Take the Lead

Movie review by
Cynthia Fuchs, Common Sense Media
Take the Lead Movie Poster Image
Parents recommendPopular with kids
NYC high schoolers saved by ballroom dancing.
  • PG-13
  • 2006
  • 117 minutes

Parents say

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Kids say

age 11+
Based on 11 reviews

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A lot or a little?

The parents' guide to what's in this movie.

Positive Messages

Kids fight, resist authority, behave sullenly in repsonse to dance teacher's entreaties; teacher's bicycle is stolen (and at film's end, replaced); kids learn mutual respect; widowed teacher learns to open his heart to romance.


Movie includes several violent scenes, including an opening fistfight at a high school dance; an attack on a car with a bar; boy pulls a gun at the end and is beaten by his angry crew (slightly bloody imagery here).


Dancing is often sexualized (especially tango, salsa, and some hip-hop styles); an older man tries to seduce his girlfriend's adolescent daughter; romantic kissing by featured high school couple; the sight of an interracial couple dancing upsets white girl's mother.


Mild language by kids and also by the principal (dance teacher is very proper): one f-word; a couple of uses of s-word, "hell," and "damn," plus gender/sexual slang ("punk ass," "p---y," "ass") and other colorful phrasing ("screwed up," "I suck").

Drinking, Drugs & Smoking

One boy's parents are alcoholics; another deals drugs; reference to "crack dealer."

What parents need to know

Parents need to know that this film includes some images of violence, as well as references to painful past deaths (two kids' siblings were killed in gang violence). A frustrated boy smashes his principal's car with a bar; a gun is drawn near the film's end, and a crew who deals drugs and stolen materials beats up their reluctant member (some blood visible on his face, as he finally makes it to the ballroom competition). The dancing is sometimes very formal, often very sexualized (especially the tango, salsa, and hip-hop moves). Characters deal drugs, threaten violence, smoke cigarettes, and drink.

User Reviews

  • Parents say
  • Kids say
Adult Written byCSM Screen Name... April 9, 2008

Great Moves & Great Message

Loved It! What fun...we laughed, clapped, and groved throughout. My 14-year-old daughter, her 15-year-old friend, and I LOVED IT! Language was a problem for me... Continue reading
Adult Written byEverydayJoe April 9, 2008

Loved it.

Great dance moves and a lot of positive perspectives about life. My wife and daughter loved it as much as I did.
Kid, 12 years old April 9, 2008

The best movie ever!

This is the best movie ever! In this movie, a real-life story teacher teaches ballroom dancing. Problem is, the kids are rebellious and it is hard to get them t... Continue reading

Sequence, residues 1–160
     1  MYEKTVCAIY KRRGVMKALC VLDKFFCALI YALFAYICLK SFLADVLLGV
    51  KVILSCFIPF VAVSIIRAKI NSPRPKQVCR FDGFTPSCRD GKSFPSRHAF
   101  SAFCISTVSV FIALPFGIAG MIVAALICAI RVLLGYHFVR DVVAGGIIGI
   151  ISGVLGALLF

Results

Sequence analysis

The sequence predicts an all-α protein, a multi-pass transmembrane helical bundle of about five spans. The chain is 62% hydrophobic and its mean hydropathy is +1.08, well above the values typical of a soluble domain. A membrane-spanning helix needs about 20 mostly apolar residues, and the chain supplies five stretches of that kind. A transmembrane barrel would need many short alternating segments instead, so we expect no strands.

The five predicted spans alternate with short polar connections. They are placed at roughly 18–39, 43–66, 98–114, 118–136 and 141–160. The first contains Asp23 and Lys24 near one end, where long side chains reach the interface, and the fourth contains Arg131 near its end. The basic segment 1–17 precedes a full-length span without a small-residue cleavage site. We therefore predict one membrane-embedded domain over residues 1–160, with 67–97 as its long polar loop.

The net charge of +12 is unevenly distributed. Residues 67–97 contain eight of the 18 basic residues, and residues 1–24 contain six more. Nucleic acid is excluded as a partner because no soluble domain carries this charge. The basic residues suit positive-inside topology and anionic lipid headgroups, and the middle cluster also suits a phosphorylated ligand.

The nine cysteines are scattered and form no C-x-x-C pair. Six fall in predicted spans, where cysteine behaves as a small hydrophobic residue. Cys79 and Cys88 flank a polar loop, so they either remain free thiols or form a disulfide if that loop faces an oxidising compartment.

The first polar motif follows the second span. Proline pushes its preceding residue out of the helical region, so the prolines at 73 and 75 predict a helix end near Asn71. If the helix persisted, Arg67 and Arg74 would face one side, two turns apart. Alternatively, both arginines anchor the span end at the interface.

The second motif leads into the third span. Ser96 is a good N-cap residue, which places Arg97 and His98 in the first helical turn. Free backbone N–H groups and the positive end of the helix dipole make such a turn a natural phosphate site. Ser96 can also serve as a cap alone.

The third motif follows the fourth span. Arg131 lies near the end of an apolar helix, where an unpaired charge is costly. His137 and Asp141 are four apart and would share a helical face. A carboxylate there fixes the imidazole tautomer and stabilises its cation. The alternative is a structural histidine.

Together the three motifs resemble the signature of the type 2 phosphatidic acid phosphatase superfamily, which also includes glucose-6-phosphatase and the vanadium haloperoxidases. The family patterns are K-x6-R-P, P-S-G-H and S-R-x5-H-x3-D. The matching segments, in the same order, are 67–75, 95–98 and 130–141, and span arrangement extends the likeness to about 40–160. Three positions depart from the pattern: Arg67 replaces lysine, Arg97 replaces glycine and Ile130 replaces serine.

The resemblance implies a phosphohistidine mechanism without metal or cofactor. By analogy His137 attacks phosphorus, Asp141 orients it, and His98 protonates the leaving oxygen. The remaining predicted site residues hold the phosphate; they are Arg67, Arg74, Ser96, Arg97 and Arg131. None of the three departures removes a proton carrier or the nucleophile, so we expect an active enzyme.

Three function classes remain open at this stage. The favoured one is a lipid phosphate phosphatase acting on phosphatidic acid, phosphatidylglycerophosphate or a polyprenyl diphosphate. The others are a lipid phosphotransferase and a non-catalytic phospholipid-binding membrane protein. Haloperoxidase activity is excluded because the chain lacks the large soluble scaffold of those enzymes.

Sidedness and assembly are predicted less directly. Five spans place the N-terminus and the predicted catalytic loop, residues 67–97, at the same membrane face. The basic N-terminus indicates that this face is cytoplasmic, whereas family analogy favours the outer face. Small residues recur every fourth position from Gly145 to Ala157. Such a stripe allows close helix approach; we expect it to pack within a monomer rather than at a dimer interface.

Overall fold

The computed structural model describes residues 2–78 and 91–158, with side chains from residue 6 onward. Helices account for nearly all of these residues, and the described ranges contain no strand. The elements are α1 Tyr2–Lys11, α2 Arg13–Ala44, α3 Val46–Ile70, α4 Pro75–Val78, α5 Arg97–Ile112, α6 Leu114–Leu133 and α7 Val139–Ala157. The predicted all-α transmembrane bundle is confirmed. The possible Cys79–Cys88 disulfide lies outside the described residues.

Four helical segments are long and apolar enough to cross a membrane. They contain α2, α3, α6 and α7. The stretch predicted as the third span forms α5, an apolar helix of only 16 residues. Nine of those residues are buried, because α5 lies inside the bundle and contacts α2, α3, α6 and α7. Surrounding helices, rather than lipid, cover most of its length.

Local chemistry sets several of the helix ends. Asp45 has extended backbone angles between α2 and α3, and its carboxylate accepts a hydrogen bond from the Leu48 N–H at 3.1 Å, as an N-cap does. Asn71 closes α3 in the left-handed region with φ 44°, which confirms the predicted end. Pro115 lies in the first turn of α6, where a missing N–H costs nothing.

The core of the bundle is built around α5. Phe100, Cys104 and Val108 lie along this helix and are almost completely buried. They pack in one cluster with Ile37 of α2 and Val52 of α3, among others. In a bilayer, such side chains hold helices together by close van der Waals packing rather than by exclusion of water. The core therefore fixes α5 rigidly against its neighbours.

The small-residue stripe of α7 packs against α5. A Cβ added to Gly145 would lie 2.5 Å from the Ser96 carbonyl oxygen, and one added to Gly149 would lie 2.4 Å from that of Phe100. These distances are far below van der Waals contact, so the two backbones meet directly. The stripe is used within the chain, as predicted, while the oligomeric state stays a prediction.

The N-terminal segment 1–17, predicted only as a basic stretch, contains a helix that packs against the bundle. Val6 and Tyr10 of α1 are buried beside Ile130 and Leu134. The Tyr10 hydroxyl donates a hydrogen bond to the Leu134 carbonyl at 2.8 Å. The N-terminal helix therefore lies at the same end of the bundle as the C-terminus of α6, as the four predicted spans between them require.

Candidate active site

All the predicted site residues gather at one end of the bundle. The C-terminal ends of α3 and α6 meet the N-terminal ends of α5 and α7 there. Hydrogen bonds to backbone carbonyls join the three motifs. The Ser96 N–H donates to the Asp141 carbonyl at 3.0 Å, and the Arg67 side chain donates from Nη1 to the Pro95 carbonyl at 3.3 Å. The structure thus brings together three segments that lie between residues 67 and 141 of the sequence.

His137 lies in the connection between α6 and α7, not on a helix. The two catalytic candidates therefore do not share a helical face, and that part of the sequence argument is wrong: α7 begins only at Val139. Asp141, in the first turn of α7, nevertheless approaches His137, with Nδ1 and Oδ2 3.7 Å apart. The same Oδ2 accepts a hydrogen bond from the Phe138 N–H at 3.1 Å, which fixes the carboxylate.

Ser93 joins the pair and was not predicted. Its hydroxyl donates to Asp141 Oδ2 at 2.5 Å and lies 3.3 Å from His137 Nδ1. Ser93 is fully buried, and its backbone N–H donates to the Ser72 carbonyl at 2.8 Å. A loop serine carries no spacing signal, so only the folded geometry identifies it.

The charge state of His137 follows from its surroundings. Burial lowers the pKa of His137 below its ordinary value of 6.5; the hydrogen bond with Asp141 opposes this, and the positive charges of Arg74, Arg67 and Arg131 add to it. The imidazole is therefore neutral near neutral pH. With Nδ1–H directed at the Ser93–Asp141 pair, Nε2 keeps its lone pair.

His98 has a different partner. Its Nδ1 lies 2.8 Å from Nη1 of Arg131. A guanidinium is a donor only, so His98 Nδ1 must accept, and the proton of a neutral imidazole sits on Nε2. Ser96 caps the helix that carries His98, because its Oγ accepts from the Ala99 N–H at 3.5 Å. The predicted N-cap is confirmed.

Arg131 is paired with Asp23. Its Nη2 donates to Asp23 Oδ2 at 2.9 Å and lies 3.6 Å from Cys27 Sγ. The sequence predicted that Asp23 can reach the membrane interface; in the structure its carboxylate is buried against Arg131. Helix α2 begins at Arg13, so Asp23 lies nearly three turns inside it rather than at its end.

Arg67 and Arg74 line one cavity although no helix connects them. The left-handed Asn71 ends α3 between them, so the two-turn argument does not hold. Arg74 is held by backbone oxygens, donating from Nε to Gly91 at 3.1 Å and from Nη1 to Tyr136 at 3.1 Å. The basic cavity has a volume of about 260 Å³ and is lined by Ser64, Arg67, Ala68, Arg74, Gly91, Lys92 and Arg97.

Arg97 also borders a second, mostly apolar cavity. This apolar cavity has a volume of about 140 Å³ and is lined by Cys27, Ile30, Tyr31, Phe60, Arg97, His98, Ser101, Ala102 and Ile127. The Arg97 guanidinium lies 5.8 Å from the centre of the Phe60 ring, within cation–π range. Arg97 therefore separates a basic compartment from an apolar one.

Teen, 15 years old Written bybiovox14 December 14, 2016

Great movie funny, and overall great.

This is a great movie and inspite of some sensual dancing, the content wasn't that bad either:) Its heart warming, it'll make you smile, might even ge... Continue reading

What's the story?

In TAKE THE LEAD, New York ballroom dancing teacher Pierre (Antonio Banderas) begins teaching a group of troubled high school students. He's first stymied, then embraced by the flinty-then-warm principal (Alfre Woodard). Though his students -- assigned to detention hall for various infractions -- resist his initial efforts to "express themselves" through dance (and especially, disdain his romantic oldies music), they do come to appreciate his dedication, and the fact that he brings in one of his upscale, white, and very snobby students, Morgan (Katya Virshilas), to show the proper execution of the tango. The boys' eyes predictably pop ("It's like sex on hardwood!") and the girls appreciate Morgan's deft athleticism. Pierre and his toughest student, Rock (Rob Brown), test one another, learn to trust one another, and come up with a mutually respectful relationship by film's end.

Is it any good?

Liz Friedlander's fiction film is well-meaning and energetic. It skews older than the documentary Mad Hot Ballroom (though both are inspired by the same NYC program), and features more acrobatic camerawork and slicker editing. This means the movie grants the kids an inevitable endpoint: an entertaining dance competition where they combine hip-hop and ballroom strategies.

Yet while Rock is "developed" in relation to several characters, most of the students never get out from under their initial stereotypes. The film alludes to the students' complex lives and "issues" but they're resolved in the fiction more simplistically than are the younger kids' dilemmas in the documentary. And the Michelle Pfeiffer plot is corny. Even the diligent, compassionate widower Pierre gets a girlfriend by the end.

Talk to your kids about ...

  • Families can talk about the options available for the dance students. How might their dance training help them in other aspects of their lives (getting a job, looking after children and parents, continuing their educations)? How does the film set up a connection between their home-life conflicts and their work in the dance class?

Movie details

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